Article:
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Lil' Man In Boat Inc v. Auk Ta Shaa Discovery LLC

United States District Court, W.D. Washington

April 25, 2017

LIL' MAN IN THE BOAT, INC., Plaintiff,
v.
AUK TA SHAA DISCOVERY, LLC, Defendant.

          ORDER TO SHOW REGARDING AMOUNT IN CONTROVERSY

          JAMES L. ROBART United states District Judge

         I. INTRODUCTION

         The court has reviewed Plaintiff Lil' Man in the Boat, Inc.'s ("Lil Man") complaint (Compl. (Dkt. #1)) and is concerned that the jurisdictional amount in controversy is not met. The court thus orders Lil' Man to show cause within 10 days of the date of this order why the court should not dismiss this case for lack of subject matter jurisdiction.

         II. BACKGROUND

         This is a contract dispute about a vessel called the Queen of Seattle, (Id. at 20.) Lil' Man alleges that Defendant Auk Ta Shaa, LLC ("Auk Ta Shaa") breached a contract to sell the boat and brings an action to enforce that alleged contract.[1] (Id. at 29.) Lil' Man makes three allegations regarding the amount in controversy. First, Lil' Man alleges that the "amount in controversy exceeds $75, 000.00." (Id. at 2.) Additionally, Lil' Man seeks a declaratory judgment regarding the duty to transfer title to the boat. (Id. at 29.) In the alternative, Lil' Man seeks $1, 000, 000.00 in compensatory damages.[2] (Id.)

         Lil' Man alleges that the parties concluded a contract for the sale of the Queen of Seattle and seeks to enforce that contract. (Id. at 21.) Although the original asking price for the vessel was $250, 000.00 (id. at 4), Lil' Man expresses concern that the vessel may not be able to receive a Certificate of Inspection ("COI"), which Lil' Man alleges is necessary for commercial use of the vessel (id. at 14 (alleging that the expiration of the COI "may well make it difficult if not impossible to financially return the boat into [sic] operating conditions"), 15 (alleging that if Lil Man "was to purchase the vessel and could not get a COI for it, it would become a liability to have it scrapped"), 18 (describing the allegedly unsatisfactory inspection of the vessel that took place on December 8th, 2015)). In light of these concerns, the parties allegedly agreed upon a purchase price of $12, 500.00 for the vessel. (Id., Ex. 3.)

         III. ANALYSIS

         A. Legal Standards for the Amount in Controversy

         Lil' Man invokes the court's subject matter jurisdiction pursuant to 28 U.S.C. § 1332. (Compl. at 2.) Section 1332 provides that the district courts "shall have original jurisdiction of all civil actions where the matter in controversy exceeds the sum or value of $75, 000 ... and is between citizens of different states." 28 U.S.C. § 1332.

         Although courts typically accept a plaintiffs alleged damages as prima facie evidence of the amount in controversy, this court has an obligation to confirm that it has subject matter jurisdiction over the case and to address the issue of jurisdiction sua sponte if necessary. See Snell v. Cleveland, Inc., 316 F.3d 822, 826 (9th Cir. 2002). In general, a plaintiff need only include a plausible allegation that the amount in controversy exceeds the jurisdictional threshold, see Pachinger v. MGM Grand Hotel-Las Vegas, Inc., 802 F.2d 362, 363-64 (9th Cir. 1986), unless it appears to a legal certainty that the plaintiff cannot recover that amount, see First Nat 7 Bank v. La. Highway Comm 'n, 264 U.S. 308, 310 (1924). The legal certainty test applies "when a rule of law or limitation of damages would make it virtually impossible for a plaintiff to meet the amount-in-controversy requirement." Pachinger, 802 F.2d at 364. If the plaintiff alleges a sum that will, as a legal certainty, fall below the jurisdictional threshold, then the court must dismiss the case. Naffe v. Frey, 789 F.3d 1030, 1040 (9th Cir. 2015) (adopting the "legal certainty" standard).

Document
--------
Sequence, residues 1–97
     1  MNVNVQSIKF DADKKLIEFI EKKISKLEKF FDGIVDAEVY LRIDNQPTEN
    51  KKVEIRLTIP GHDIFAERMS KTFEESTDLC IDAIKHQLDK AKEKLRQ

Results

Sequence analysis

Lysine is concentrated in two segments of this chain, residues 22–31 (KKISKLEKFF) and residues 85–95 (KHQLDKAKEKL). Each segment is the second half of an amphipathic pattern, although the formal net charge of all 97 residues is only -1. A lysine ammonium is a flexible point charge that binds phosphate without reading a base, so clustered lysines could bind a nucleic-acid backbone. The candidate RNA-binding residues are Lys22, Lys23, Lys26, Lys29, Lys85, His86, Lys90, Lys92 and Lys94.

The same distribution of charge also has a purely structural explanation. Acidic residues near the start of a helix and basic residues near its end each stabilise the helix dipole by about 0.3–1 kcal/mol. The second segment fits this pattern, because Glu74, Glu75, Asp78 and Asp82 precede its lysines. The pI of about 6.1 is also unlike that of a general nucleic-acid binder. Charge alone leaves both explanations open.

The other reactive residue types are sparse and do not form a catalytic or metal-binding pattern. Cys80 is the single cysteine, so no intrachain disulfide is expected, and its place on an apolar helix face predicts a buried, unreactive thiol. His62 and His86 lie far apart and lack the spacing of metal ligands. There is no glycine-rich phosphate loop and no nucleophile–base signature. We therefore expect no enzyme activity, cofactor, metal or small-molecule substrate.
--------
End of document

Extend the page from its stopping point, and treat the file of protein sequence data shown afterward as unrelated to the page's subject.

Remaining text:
If the jurisdictional amount is challenged, then the party invoking the jurisdiction of the federal court has the burden to support its allegations through the submission of "summary-judgment type evidence relevant to the amount in controversy" as it existed at the time of filing. See Singer v. State Farm Mut. Auto. Ins. Co., 116F.3d373, 377 (9th Cir. 1997); see also Sanchez v. Monumental Life Ins. Co., 102 F.3d 398, 403 (9th Cir. 1996 (quoting Hale v. Billups of Gonzales, Inc., 610 F.Supp. 162 (M.D. La. 1985)). The court questions whether the amount in controversy is met as measured by the value of the Queen of Seattle and the availability of compensatory damages for lost profits.

         B. The Measure of Damages in Actions for Replevin

         In actions for declaratory or injunctive relief, the amount in controversy is the value of the object of the litigation. Hunt v. Wash. State Apple Advert. Comm 'n, 432 U.S. 333, 347 (1977). In actions for replevin, the amount in controversy typically equals the replacement value of the disputed goods. Stengel v. Black, No. 03 Civil No. 0495 (GEL), 2004 WL 1933612, at *2 (S.D.N.Y. Aug. 30, 2004) (citing Satterwhite v. Harriman Natl. Bank & Trust Co., 13 F.Supp. 493, 499 (S.D.N.Y.1935). Lil' Man effectively seeks a declaratory judgment compelling Auk Ta Shaa to transfer title to the Queen of Seattle upon full payment. (Compl. at 29.) Thus, the value of the Queen of Seattle appears to best reflect the amount in controversy. Stengel, 2004 WL 1933612, at *5.

         As in Stengel, the court places significant weight on the arms-length negotiations between the parties in determining the value of the goods in question. Id. The parties allegedly negotiated a purchase price of $12, 500.00 for the Queen of Seattle. (Compl. at 21.) This amount is well below this court's jurisdictional threshold. 28 U.S.C. ยง 1332(a). Thus, the court orders Lil Man ...


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